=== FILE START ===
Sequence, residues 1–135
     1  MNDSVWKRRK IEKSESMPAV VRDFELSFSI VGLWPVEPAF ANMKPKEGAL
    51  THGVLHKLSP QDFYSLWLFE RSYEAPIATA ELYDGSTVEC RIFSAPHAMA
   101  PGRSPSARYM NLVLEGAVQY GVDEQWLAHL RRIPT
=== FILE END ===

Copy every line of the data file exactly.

Sequence, residues 1–135
     1  MNDSVWKRRK IEKSESMPAV VRDFELSFSI VGLWPVEPAF ANMKPKEGAL
    51  THGVLHKLSP QDFYSLWLFE RSYEAPIATA ELYDGSTVEC RIFSAPHAMA
   101  PGRSPSARYM NLVLEGAVQY GVDEQWLAHL RRIPT